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Forget the ol’ puff, puff, pass. Marijuana producers are betting an increasing number of people would rather pour a drink infused with pot.

The Green Organic Dutchman Holdings Ltd. plans to develop a product-testing and manufacturing centre to explore using cannabis in everything from iced teas, juices and sports drinks, the company said Wednesday in a statement. That’s just the latest move by pot producers to get a footing in beverages.

While Canada has yet to pass the legislation that will make some forms of recreational pot legal this year -- including dried bud for smoking -- companies are already jockeying for position in the potentially lucrative beverage market. Although edible products, which could include hard candies, beverages, ice cream and baked goods, won’t be legal for at least another year, there’s been an “explosion of interest” in them, and six out of 10 consumers will probably choose to consume edible products, according to a June 5 report from Deloitte.

“Many consumers are used to drinking intoxicants as it is more socially acceptable to smoking/vaping,” Jason Zandberg, an analyst at PI Financial in Vancouver, said in an email. “I do believe cannabis-infused beverages will be a strong product category in Canada when this edible category is allowed.”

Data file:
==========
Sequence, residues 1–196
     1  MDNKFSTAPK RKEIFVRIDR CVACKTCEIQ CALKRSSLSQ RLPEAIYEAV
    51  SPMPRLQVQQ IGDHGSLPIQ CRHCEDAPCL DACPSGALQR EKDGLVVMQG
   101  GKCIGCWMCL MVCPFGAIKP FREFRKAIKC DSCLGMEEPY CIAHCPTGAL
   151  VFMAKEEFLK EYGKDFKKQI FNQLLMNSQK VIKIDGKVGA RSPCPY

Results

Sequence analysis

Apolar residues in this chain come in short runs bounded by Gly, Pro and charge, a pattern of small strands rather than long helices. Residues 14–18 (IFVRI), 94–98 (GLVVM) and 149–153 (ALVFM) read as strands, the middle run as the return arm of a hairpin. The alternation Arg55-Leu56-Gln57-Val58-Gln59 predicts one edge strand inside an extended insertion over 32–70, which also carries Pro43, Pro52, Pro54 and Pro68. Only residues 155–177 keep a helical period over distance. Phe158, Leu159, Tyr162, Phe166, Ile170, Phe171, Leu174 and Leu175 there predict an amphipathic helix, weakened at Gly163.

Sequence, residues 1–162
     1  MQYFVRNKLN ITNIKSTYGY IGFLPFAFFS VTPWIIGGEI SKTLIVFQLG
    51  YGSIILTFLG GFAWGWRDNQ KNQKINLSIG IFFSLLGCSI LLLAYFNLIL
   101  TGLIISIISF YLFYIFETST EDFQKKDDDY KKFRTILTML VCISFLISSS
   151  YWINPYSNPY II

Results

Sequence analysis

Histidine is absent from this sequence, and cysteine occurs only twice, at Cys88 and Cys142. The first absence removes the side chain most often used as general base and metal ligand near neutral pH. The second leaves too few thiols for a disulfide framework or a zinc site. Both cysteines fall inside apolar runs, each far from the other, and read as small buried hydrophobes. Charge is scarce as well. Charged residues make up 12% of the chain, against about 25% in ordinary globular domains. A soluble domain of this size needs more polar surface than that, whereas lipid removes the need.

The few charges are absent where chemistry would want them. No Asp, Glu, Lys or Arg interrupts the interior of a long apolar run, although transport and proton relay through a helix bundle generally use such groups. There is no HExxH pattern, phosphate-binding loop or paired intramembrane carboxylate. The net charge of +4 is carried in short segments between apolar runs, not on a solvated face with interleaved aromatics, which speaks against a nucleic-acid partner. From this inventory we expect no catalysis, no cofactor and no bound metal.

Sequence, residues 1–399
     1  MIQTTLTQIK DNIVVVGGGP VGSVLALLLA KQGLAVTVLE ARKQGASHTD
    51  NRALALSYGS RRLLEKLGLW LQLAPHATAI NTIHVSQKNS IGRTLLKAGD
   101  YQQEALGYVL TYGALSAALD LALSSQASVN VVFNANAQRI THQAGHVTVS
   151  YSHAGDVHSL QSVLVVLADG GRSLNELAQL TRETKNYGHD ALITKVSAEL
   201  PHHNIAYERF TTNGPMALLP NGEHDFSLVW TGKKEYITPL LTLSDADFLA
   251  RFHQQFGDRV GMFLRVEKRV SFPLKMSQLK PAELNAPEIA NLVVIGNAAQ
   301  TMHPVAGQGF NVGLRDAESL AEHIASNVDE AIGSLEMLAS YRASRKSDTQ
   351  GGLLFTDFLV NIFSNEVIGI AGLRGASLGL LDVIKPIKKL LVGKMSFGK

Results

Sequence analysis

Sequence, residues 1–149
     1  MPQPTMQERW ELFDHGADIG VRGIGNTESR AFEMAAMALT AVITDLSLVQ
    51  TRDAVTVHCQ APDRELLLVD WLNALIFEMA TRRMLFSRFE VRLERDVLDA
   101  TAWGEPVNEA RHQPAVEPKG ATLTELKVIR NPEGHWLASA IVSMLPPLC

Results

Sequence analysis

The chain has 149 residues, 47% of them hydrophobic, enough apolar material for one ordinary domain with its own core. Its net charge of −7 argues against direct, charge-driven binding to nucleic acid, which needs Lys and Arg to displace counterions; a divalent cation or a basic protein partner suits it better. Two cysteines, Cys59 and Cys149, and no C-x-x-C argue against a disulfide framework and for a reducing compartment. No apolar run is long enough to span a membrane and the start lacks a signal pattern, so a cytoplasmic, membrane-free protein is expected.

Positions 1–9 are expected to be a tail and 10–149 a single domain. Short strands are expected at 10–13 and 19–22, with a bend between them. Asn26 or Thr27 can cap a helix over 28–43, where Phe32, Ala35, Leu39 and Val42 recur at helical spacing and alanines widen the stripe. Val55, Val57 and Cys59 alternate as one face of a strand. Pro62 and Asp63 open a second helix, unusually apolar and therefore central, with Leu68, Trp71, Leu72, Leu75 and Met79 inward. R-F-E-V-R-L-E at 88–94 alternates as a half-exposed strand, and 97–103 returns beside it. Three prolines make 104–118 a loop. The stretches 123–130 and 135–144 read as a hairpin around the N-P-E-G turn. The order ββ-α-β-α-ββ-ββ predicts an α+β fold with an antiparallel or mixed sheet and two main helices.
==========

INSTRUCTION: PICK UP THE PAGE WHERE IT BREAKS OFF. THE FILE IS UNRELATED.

Outselling Soda

Beer and alcohol makers have taken notice and “are looking into their rear view mirror” at the potential threat, Charles Taerk, chief executive officer of Faircourt Asset Management in Toronto, said in a June 5 cannabis webinar. The combined medical and recreational marijuana market could be worth as much as C$10 billion ($7.7 billion) in the next five to seven years, and there are some studies that suggest sales of cannabis-infused beverages will outstrip traditional soft drinks by 2030 in convenience stores, he said.

Last year, Corona beer seller Constellation Brands bought a minority stake in Canopy Growth Corp, Canada’s largest marijuana producer. There will probably be at least one more major tie-up between an alcohol company and a pot producer, Beacon Securities analyst Vahan Ajamian said in a February note.

Green Organic’s move comes amid speculation that the Ontario-based producer is a potential takeover target. Its research center provides a path for “large-scale beverage companies” to invest in the marijuana market directly or through a joint venture, the company said.

The rise in cannabis legalization could be bad news for traditional alcohol companies. Retail sales of beer and wine experienced a “sharp decrease” in U.S. states that have legalized medical marijuana, Bloomberg Intelligence analyst Kenneth Shea said in a Feb. 5 report, citing research from the University of Connecticut and Georgia State University.

Winnipeg, Manitoba-based producer Delta 9 Cannabis Inc. plans to introduce next week its “Legal Lager,” a rye-based beer that’s been infused with hemp seed and developed through the company’s partnership with craft brewer Fort Garry Brewing Co. While there’s none of pot’s psychoactive ingredients in the brew, the hemp gives it “a unique nutty finish,” and the plan is to eventually develop non-alcoholic beer that contains cannabis when regulations allow, said Delta’s Chief Executive Officer John Arbuthnot.

“We’re very bullish on the drinkables segment,” Arbuthnot said by phone. “We sat down and tried to envision where does cannabis fit into all of our lives and how could we complete cannabis being at a family dinner, and it didn’t seem to be in a joint or a vaporizer or even a brownie.”

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